I guess the short of it is this: I don't know who I am. I am not a writer. I am not an artist. I am not a musician or a dancer or an actor or a comedian. And it's actually a really good feeling. Six months ago that would've sent me into a panic. But now, there are no more roles to play. Now I can just be me and start working on being my own story and not the role others want me to play for them.

I want to tie this entry up with a nice, neat bow.

Yeah, that's it.

Wednesday, September 8, 2010

reaching out with hate.

About a month ago, Pastor Terry Jones of the Dove World Outreach Center in Gainesville, Florida announced the church would host the first International Burn a Quran Day on Sept. 11. Jones is opening the church doors from 6 - 9 p.m., inviting the public to join in a book burning of the holy Islam text. Dove World Outreach Center, a New Testament Church, is known for its conservative views, gaining notoriety in recent years for its anti-Islam and anti-LGBT messages. The church has also been vocal supporters of the Westboro Baptist Church - and that says almost everything you need to know.

Jones and the Center have been criticized heavily since announcing the plans. General Petraeus warned that this action would ultimately hurt American troops and citizens worldwide. And let's be honest: Americans already don't have the greatest world image.

"Maybe instead of addressing us, we should address radical Islam and send a very clear warning that they are not to retaliate in any form," Jones said to the Associated Press.

Lawyers have confirmed with Jones that burning the Quran is protected under the First Amendment.Which begs the question: Just what isn't considered "free speech"? You can't yell "Fire" in a crowded theatre, but you can stand up in front of a congregation and preach that all of Islam worships the devil.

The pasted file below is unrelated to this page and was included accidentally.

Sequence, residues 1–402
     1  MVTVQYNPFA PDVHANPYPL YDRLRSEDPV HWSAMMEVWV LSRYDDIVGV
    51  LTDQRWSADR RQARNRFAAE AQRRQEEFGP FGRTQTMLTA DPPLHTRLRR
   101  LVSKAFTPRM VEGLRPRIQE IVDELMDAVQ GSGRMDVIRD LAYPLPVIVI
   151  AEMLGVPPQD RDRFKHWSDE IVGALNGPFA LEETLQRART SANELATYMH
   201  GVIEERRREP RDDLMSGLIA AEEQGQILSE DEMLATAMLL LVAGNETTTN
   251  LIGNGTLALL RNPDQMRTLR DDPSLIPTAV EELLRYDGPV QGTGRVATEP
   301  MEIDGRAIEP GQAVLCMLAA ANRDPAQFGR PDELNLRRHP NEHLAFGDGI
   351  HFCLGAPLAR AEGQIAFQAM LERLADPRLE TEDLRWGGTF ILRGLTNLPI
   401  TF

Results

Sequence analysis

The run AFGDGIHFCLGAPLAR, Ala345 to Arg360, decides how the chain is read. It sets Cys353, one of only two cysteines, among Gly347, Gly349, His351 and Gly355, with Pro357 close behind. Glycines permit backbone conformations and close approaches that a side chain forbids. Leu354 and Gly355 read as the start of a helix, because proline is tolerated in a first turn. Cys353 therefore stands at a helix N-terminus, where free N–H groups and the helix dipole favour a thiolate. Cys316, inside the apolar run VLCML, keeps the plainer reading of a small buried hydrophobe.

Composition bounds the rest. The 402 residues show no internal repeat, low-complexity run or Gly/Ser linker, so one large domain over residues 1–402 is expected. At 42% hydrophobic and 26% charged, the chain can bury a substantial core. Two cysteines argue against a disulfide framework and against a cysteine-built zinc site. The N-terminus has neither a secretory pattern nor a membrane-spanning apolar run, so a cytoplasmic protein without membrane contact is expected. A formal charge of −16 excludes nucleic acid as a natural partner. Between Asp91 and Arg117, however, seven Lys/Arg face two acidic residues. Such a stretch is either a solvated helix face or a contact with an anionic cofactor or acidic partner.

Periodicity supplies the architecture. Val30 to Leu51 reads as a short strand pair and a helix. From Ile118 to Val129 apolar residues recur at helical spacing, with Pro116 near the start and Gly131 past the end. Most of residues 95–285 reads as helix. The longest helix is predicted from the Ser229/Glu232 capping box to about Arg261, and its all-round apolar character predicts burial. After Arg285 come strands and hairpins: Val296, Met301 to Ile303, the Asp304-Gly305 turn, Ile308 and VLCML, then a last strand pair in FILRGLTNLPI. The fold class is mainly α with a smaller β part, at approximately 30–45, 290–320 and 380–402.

And then there's the concern that's best summed up in a phrase I read a couple of months ago: "Free speech for me, but not for thee." When it comes to our beliefs and convictions, it's difficult to be objective. So here is Terry Jones, ready to send a pile of books in smokes up into the sky, but if the tables were turned and those were Bibles on fire...then what?

Jones says God is leading him to do this, and this is just a clear example of someone not wanting to take responsibility for his stupidity. And if this is the kind of God that Jones says is the "right" God to worship or else eternal damnation is in the future, then I'll take my chances and stick to my own beliefs - or, rather, non-beliefs.

Rev. Nancy Dann at a rally in support of Muslim Americans.
(AP Photo/Josh Reynolds)
If you haven't seen Louis Theroux's documentary on Westboro, The Most Hated Family in America, you can watch it here. (Side note: I love Louis Theroux.)

Update, 09/09/10: US pastor Terry Jones cancels Koran burning | BBC News